So, in a wood and soda firing the glaze gets watered down. The ash adds an extra wash of relatively clear glaze and the gaseous flux Sodium makes the glaze melt even more. You end up with a variety of oatmeal and honey glazes. You can see how the "hidasuki" markings from the "Igusa" straw have left golden veins in the black glaze on this plate. Too much straw and it all turns to golden toffee. That can be nice, but it's not black, and it might not be what you want.

So, you need to make the glaze harder, so that it is a bit short of flux and a bit resistant to soda, raising its melting point. By reducing the Feldspar, for example, it raises the melting point, but also raises the ratio of Iron in the glaze. Iron is resistant to soda. Effectively you adjust the glaze recipe to make allowance for the extra flux which is floating around as a gas in the kiln atmosphere.

Glaze application is also important, as no matter how good your glaze is, if it is too thin the ash and soda are going to win. I apply my glaze at a viscosity of 60 by the hydrometer. Tenmoku is very sensitive to variations in texture underneath, so also be aware that the finished glaze surface and colour are only as good as the finished surface of the vessel.

It has taken me years to get my clay body, glaze recipe, glaze application and firing right, and all of those variables affect the finished result. The same glaze will be different in a different firing or on different clay, so it is necessary to experiment with your own materials and firing. In the end it becomes another inimitable expression of your own aesthetic. Hopefully these principles will help you along the way.

Thursday 11 March 2010

The Real World

Home. After a week in Tokyo I am home. My return was delayed by a late fall of snow on Tuesday night. My friends asked me to stay an extra night rather than driving through a worsening blizzard on dark, icy roads, and I thank them for their kindness and hospitality. The snow had turned to rain by yesterday, and the grey sludge that had made Tokyo's roads so dangerous the night before had washed away without a trace. The congested traffic thinned gradually as I headed out of the city, north into the country. The houses became sparser, replaced by fallow fields not yet sown for spring and an ever increasing number of trees. There was still snow on the ground when I got home, though a drizzle of rain was making it thin. Mika came out to greet me as I pulled into the driveway. The kitchen was warm from the wood stove and by the time the kids came home from school it was snowing lightly again. Home.

This morning the sun rose through the snow covered trees in front of the house. As I went out onto the front veranda to feed the cats, I startled a family of pheasants that had been scratching in our compost heap and they scattered noisily into the bamboo. When I returned to the kitchen the children were busily preparing for school while Mika readied breakfast. We all sat down and enjoyed our morning meal together before they hurried off to join their friends. When Mika returned from taking Sean to preschool we had a cup of drip filter coffee and chatted while I signed wooden boxes. We made a delivery of beer cups and tea bowls to a gallery in Utsunomiya during the day and by the time we returned home it was quite warm out side. We sat on the bench in front of the house and enjoyed the sun for a while.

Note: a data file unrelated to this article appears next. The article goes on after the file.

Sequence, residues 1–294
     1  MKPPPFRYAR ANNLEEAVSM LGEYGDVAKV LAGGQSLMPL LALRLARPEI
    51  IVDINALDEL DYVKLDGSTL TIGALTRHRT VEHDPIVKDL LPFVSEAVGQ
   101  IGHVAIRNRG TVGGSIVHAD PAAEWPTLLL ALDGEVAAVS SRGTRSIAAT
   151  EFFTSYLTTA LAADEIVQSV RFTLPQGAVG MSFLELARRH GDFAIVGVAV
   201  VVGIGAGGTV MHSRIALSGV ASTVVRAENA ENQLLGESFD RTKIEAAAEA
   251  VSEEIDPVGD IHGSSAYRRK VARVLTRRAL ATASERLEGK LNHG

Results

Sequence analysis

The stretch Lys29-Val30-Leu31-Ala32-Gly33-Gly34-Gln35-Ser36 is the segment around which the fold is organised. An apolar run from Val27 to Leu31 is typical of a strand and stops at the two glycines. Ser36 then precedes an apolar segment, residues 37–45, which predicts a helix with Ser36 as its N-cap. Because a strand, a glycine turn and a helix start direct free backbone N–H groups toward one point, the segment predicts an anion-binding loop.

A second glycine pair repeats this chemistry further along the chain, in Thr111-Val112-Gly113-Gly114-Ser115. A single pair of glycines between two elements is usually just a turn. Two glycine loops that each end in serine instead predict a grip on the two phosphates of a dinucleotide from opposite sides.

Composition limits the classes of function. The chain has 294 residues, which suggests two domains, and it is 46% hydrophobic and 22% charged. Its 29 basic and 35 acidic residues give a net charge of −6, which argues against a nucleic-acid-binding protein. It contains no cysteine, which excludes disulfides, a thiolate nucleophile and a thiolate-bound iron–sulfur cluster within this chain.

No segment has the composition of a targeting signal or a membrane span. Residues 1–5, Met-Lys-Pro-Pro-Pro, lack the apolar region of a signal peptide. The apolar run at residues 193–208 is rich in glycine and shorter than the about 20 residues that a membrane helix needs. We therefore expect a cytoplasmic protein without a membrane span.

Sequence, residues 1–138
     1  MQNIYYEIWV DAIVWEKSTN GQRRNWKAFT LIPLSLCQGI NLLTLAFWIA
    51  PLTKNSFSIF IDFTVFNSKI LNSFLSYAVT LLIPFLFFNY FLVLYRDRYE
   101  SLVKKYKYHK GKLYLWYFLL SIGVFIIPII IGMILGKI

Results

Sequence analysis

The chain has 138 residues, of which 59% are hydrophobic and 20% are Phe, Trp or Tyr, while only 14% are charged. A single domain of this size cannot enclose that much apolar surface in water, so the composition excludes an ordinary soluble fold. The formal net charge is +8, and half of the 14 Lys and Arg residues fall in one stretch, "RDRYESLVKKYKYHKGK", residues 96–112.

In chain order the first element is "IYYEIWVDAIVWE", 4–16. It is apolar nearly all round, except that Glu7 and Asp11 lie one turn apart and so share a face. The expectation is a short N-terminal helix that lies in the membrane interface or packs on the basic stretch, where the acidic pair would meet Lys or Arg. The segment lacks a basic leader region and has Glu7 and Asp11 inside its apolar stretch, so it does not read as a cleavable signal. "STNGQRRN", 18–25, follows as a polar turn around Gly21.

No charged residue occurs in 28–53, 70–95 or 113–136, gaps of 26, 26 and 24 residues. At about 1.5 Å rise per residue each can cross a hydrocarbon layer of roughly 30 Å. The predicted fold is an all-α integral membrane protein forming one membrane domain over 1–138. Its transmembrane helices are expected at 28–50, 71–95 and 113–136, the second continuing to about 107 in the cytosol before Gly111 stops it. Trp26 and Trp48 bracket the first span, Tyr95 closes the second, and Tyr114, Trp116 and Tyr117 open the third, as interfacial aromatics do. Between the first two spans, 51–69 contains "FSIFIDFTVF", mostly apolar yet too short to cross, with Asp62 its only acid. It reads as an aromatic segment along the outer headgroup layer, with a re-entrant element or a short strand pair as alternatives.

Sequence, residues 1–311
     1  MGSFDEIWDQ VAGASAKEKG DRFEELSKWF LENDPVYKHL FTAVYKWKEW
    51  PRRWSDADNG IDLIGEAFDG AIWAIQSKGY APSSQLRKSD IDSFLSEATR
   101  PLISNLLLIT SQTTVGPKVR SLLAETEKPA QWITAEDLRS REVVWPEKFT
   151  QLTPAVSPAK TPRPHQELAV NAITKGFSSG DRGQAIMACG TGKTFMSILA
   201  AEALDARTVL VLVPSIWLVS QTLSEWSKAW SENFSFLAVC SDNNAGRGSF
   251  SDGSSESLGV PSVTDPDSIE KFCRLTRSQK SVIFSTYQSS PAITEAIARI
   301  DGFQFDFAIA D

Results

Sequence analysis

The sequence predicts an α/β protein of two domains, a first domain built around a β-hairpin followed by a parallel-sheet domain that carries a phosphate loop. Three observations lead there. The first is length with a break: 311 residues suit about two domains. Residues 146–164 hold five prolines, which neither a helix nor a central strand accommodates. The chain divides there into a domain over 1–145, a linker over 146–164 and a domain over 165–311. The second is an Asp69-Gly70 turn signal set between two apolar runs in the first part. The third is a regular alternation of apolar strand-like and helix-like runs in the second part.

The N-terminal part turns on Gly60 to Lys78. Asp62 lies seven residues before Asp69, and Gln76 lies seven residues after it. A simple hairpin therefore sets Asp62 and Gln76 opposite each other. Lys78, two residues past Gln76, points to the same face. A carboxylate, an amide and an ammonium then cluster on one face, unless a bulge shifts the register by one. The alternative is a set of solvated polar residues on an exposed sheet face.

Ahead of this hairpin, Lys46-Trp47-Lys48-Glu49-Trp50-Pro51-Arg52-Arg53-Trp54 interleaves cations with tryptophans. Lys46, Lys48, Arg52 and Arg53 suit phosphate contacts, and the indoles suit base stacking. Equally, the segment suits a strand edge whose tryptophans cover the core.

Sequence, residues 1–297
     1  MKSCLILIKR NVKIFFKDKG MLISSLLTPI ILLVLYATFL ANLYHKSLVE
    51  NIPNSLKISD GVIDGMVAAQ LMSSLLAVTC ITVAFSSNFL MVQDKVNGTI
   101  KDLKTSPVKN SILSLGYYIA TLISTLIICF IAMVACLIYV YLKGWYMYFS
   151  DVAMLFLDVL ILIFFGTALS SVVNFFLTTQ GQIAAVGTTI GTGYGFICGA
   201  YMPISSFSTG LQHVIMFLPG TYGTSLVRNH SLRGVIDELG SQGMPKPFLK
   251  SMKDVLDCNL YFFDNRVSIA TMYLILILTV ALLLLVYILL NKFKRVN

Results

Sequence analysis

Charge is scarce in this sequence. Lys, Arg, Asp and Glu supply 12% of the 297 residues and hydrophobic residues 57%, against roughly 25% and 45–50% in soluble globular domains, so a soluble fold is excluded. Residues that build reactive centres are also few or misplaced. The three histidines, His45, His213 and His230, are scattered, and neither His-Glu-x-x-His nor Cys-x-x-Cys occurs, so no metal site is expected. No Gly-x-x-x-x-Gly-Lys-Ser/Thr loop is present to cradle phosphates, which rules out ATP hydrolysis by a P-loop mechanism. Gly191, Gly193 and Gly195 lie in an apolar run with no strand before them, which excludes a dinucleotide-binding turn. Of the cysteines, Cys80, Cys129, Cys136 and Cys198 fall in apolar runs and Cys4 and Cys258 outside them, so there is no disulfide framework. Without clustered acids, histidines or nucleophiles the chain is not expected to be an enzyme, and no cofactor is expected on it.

The exhibition went very well this year, better for me than last year, and I thank my friends and clients for making it so successful. I am, however, glad to be home, away from the constant buzz of the city, the crowded subways, the grey concrete and black tarmac. I am happy to sit in the sun and listen to the wind in the trees, rather than stand in the windowless, artificial light of the department store and the drone of piped music. To know that what I see is what there is, not just an elegant facade. On breaks from the department store I would walk to Ebiya across the bridge and find calm in that little oasis. In the evenings my friends made me welcome in their home. It helped me through the exhibition. But the city and all its artifice distresses me, and I am glad to be here, in the real world. Home.

Wednesday 3 March 2010

Takashimaya Exhibition in Tokyo

Today sees the start of an exhibition at Takashimaya department store in Nihombashi, Tokyo.
Myself, Penny Simpson and Peter Seabridge are holding our second exhibition in the 7th floor Kougei Gallery, and we will be there every day till Tuesday the 9th. For several years we exhibited together at the Tokyo Dome Tableware Festival, but from last year Takashimaya has hosted our show.

The timing of the exhibition also coincides with the restaurant G'Drop winter menu which features my vessels. So, if you're in Tokyo over the next week, drop by and see us!